Webinar Q&A | Forecasting Success: Learning Trends for 2018 and Beyond!

 

Today most companies realize that they are not adequately prepared for the disruptions they expect to emerge from digital trends. Nearly 90% of respondents to a recent global survey of managers and executives conducted by MIT Sloan Management Review and Deloitte stated that their industries will be disrupted by digital trends to a great or moderate extent. As companies adjust their strategy to become digital, the expectation is that their learning organizations will adapt as well.

In 2018, the stage is set for transformative moves as last year’s digital learning developments continue to mature and converge, and trends such as adaptive learning, MOOCs, augmented reality, and virtual reality increase their presence in the industry.

During a recent webinar with TrainingIndustry, I discussed the questions that learning professionals will be asking in 2018 and offered insights on the trends and smarter ways of thinking and working to help them achieve their business goals.

If you missed the webinar, a recording is now available for you to watch online.

After the presentation, several great questions came up from the audience, and I wanted to share them with you. Below are those questions and my best answers. This is an ongoing conversation, and I encourage you to keep the questions coming in via the comments section at the bottom of this page.

Q: Do you see a trend of SMEs creating micro-learning instead of L&D professionals?

A: Absolutely, one of the biggest advantages to using micro-learning is the ability for SMEs to create short videos that explain key concepts, and rapidly make those available to learners in the organization.

Q: You mentioned adaptive learning as an upcoming trend. Do you see LMS software building these algorithms within the programs to assist Instructional Designers? Would Instructional Designers be the ones creating the branching scenarios or algorithms?

A: I do not see adaptive learning being built into the LMS. Many vendors, such as McGrawHill, Area9, and Axonify, provide adaptive learning platforms, which are used to develop online learning programs similar to non-adaptive learning tools such as Lectora and Storyline. The adaptive learning platform handles the branching scenarios and algorithms, so there is no need for the Instructional Designer to create them.

Q: For the “How Confident Are You” question in adaptive testing, do you recommend giving them a choice to go back later for the remediation training piece?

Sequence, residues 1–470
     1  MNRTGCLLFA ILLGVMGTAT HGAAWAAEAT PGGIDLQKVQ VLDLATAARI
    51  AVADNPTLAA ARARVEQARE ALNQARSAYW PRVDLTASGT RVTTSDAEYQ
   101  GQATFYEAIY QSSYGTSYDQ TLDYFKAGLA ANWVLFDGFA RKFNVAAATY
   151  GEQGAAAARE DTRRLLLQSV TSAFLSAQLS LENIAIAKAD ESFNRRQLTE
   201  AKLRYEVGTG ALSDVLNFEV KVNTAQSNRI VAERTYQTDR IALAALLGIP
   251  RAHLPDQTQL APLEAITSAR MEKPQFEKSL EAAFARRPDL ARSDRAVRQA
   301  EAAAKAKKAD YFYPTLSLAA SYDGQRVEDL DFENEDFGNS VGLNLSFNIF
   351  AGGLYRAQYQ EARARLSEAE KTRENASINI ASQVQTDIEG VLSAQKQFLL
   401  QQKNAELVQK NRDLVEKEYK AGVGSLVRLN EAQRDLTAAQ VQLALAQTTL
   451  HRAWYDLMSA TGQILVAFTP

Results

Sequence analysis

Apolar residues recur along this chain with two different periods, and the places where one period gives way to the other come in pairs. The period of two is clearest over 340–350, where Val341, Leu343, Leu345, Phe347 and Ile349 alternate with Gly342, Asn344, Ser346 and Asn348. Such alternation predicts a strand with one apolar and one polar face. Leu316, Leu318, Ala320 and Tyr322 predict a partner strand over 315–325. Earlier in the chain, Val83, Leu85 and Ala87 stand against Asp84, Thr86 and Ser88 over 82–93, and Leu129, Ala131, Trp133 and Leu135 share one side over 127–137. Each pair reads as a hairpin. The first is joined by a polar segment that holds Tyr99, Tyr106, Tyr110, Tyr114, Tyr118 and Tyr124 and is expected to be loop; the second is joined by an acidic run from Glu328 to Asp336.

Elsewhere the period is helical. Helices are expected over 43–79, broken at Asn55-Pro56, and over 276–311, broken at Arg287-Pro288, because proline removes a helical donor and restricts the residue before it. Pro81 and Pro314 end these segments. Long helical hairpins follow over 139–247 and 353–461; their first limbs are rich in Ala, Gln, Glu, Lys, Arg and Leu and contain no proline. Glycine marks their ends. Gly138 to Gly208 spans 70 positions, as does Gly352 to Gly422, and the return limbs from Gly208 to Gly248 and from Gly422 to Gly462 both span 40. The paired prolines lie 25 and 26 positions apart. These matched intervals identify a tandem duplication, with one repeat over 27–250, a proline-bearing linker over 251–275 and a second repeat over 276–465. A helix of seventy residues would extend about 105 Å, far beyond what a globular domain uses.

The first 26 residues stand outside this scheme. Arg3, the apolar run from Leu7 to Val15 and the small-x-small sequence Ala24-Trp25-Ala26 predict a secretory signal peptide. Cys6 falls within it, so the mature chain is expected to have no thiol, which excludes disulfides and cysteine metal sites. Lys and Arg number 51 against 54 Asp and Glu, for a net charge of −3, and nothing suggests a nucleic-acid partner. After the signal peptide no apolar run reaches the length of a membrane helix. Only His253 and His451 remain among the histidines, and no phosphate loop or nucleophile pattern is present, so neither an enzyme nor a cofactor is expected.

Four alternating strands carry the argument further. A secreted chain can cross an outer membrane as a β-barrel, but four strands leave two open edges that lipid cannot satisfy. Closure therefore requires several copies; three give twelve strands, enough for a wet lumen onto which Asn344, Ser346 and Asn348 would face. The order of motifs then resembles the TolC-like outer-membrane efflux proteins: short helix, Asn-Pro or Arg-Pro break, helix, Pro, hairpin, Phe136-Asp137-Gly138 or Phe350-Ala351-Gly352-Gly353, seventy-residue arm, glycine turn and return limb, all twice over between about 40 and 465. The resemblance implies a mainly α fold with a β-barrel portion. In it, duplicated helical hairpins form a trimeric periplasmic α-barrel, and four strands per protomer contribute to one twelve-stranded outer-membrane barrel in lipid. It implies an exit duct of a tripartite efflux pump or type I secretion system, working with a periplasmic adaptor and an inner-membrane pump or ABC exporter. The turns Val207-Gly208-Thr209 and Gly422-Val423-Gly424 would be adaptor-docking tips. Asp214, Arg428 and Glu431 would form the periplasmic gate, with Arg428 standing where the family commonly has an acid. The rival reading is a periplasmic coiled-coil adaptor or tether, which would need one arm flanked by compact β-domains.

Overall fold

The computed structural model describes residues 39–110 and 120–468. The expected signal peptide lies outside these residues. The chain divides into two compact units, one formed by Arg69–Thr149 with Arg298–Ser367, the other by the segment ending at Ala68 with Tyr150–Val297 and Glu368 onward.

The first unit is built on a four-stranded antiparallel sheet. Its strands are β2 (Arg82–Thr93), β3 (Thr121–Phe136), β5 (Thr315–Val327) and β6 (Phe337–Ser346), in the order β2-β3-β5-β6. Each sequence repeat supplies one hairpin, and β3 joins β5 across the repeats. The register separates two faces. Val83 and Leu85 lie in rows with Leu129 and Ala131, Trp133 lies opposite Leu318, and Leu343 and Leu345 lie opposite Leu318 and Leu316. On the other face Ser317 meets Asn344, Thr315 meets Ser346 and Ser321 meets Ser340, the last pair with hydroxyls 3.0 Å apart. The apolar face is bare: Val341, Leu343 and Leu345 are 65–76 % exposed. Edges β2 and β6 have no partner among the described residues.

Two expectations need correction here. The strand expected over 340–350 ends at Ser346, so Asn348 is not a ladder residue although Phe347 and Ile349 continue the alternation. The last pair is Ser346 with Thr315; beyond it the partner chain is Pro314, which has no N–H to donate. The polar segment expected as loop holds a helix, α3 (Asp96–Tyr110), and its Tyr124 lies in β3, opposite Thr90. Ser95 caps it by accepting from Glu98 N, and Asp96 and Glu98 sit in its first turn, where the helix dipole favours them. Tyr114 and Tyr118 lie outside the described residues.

A: The adaptive learning platform automatically takes learners back for remediation based on the confidence question.

Q: What software was used for the personalized course example you shared?

A: We developed that course in HTML 5. That allowed us to add all the personalization that would not typically be part of a standard courseware development software.

Q: What program is the sample MOOC created in?

A: The MOOC was created using the Intrepid platform.

Q: What are your concerns with MOOCs in Corporate Learning?

A: My only concern with MOOCs is the tendency to overuse them. They provide an additional modality to be considered when developing programs along with eLearning, blended learning, and classroom learning.

Q: For the future in creating Digital Learning/Modern Learning, the skills required would still be ID, but perhaps eLearning tech developers could be replaced by general tech developers?

A: For the future in creating digital learning experiences, ID skills would still be required, but Instructional Designers will need to adapt their approach to developing courses using more design thinking and agile approaches. They will also need to develop curation skills to be more effective in creating modern learning experiences.

Q: Augmented and virtual reality—how much do these projects cost? How do you justify the development expense and demonstrate the return on investment?

A: Augmented and virtual reality project costs are quite reasonable. We have created both augmented reality and virtual reality programs in the $10,000 to $20,000 range, so the ROI can be quite high depending on the application.

Don Duquette, Executive Vice President

As the executive vice president of GP Strategies' global workforce excellence practice, Don Duquette is responsible for leading organizations in designing, implementing, operating, and supporting their talent management and workforce strategies, enabling them to gain greater competitive edge in their markets. His more than 30 years of international consulting experience includes the full spectrum of talent management including strategy, digital workforce, future of learning, and governance. He holds a bachelor’s degree in mechanical engineering from Johns Hopkins University and an executive MBA from Loyola University, Maryland.
Don Duquette, Executive Vice President

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